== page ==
The model still exists, but as chief executive Peter Gunning points out, “print is too far down the pecking order in the value chain”. He wants to be engaged with the buyers well before this, supplying website and print design through the Nettl brand or working with resellers via Marqetspace. Or perhaps bringing end customers in to a Nettl business store, refreshing them with coffee and inspiring them with a selection of printed materials including large fabric displays.
The first Nettl business store in Birmingham is proving a hit he says. And the nascent network of sign and display printers that the company wants to build via retirement sales, will provide further walk-in shops.
“Retail is all about the experience,” says Gunning. “We can show samples, provide creative services and advice.” The print orders will continue to be fired up to Manchester via the internet. “Not everyone wants to buy online,” he adds. “We are using online systems to hit all the touch points the chain has from order placed, proofing to delivery. Every order has some online interaction.”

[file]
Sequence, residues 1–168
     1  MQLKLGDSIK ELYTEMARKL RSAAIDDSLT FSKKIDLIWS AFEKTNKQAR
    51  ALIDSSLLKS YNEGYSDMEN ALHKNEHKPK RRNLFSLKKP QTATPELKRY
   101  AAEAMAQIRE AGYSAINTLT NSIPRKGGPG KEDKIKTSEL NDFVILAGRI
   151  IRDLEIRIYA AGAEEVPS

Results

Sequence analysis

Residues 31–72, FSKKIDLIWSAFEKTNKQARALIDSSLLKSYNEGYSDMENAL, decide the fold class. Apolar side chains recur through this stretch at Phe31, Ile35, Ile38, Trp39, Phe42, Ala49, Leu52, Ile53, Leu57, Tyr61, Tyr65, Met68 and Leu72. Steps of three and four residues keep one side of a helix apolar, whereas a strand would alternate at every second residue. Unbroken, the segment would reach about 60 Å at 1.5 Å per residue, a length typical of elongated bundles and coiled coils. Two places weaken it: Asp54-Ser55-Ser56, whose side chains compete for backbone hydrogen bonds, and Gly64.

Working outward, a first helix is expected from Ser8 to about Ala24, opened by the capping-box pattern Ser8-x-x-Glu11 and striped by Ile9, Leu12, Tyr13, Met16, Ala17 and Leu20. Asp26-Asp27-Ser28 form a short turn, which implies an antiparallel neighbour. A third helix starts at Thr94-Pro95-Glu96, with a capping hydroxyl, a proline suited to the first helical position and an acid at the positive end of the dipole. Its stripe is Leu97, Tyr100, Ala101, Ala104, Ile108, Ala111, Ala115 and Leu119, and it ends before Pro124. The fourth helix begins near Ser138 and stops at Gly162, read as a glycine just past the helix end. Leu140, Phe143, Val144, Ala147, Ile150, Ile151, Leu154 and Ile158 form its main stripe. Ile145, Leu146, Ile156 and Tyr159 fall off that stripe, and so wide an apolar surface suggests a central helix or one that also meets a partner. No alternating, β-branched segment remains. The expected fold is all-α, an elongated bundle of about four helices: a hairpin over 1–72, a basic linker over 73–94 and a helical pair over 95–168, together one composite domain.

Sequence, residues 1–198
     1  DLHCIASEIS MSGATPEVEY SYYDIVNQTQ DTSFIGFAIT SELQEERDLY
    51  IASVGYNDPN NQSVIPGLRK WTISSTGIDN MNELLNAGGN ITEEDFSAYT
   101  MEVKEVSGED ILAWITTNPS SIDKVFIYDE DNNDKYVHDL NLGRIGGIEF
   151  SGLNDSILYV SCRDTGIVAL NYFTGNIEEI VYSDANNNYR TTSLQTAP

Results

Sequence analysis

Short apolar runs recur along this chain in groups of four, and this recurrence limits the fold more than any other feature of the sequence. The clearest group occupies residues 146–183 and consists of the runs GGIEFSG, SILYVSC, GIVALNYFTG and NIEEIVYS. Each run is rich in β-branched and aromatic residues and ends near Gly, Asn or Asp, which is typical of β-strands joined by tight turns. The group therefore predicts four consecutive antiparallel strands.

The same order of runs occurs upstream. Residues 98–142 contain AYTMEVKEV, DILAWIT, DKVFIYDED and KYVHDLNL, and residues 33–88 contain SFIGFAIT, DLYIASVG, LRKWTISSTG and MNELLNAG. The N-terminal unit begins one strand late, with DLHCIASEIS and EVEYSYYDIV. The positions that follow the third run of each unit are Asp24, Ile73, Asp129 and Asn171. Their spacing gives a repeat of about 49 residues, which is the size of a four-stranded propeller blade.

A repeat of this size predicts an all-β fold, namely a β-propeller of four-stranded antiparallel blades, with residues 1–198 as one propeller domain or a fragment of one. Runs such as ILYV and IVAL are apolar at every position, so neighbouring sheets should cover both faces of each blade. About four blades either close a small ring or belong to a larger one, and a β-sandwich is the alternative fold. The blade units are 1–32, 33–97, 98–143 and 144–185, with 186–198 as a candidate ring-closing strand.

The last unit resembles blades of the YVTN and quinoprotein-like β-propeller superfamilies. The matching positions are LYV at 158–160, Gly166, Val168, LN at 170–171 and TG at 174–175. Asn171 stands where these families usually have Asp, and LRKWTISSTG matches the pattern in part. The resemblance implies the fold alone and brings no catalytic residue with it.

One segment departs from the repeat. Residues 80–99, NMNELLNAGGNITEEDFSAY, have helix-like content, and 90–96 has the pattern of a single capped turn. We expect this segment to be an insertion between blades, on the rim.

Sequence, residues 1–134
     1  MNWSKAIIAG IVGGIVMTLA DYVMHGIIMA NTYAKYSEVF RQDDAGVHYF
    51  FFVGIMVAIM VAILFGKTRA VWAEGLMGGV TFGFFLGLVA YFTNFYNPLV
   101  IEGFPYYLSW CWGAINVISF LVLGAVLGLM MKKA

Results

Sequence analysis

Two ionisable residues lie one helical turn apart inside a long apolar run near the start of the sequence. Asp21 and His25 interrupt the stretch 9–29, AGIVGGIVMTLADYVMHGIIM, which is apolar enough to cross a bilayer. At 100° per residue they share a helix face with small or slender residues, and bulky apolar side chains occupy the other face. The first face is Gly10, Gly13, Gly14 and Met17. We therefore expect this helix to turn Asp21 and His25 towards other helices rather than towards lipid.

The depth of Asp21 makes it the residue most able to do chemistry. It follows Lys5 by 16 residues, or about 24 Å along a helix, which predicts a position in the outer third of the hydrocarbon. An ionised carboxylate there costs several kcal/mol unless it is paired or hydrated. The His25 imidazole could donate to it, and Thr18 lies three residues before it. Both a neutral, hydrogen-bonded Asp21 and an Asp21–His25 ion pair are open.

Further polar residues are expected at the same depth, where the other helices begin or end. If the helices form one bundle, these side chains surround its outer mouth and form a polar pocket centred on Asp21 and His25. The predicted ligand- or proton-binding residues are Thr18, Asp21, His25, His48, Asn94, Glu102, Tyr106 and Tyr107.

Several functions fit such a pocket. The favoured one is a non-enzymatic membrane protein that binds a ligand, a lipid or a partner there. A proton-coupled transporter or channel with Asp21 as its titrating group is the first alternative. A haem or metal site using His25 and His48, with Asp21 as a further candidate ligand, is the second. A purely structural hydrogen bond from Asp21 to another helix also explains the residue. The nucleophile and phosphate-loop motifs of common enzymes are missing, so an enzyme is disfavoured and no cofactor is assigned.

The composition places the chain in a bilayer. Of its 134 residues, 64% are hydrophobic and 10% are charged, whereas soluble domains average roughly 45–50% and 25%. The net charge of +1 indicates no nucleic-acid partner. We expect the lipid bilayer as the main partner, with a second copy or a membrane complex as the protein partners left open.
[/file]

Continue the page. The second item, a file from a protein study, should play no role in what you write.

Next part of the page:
The focus has shifted from dealing with individuals and micro businesses. The maturity of this sector means that cost of acquisition via Adwords has swung wildly. What used to be £4 earned for every £1 click fee, has reached the point that it is impossible to earn a profit on the first order, says Gunning.
The former is trade only, working with resellers who themselves have a number of clients. “The cost of acquisition for a customer is higher, but so is the volume of orders,” says Gunning. However, resellers are fickle, comparing prices across multiple sites in search of the cheapest or fastest.
Here Grafenia plans to use its Nettl network. Many partners are already printers signing up to add value through website development. It wants to convert Marqetspace clients to Nettl outlets. It wants to capture clients well ahead of any decision on what to print or how much to print.
And while overall print volumes might be slipping, Gunning believes that online print is increasing. He was invited to tell the Grafenia story at the Online Print Symposium in Munich earlier this year.
“It was clear there that 20% of print for the German speaking market is now purchased through online sites and is predicted to double over the next four to five years. The UK market is currently at 15% at most and will grow to 25-30% over the next five years with the largest growth coming from closed shop sites where print is integrated into the supply chain for a business,” he says.
Grafenia is combining online print ordering with foot on the ground business centres where customers can meet, discuss and develop ideas for campaigns that involve small format and large format print. At the same time some smaller Nettl stores are testing the idea of same day service.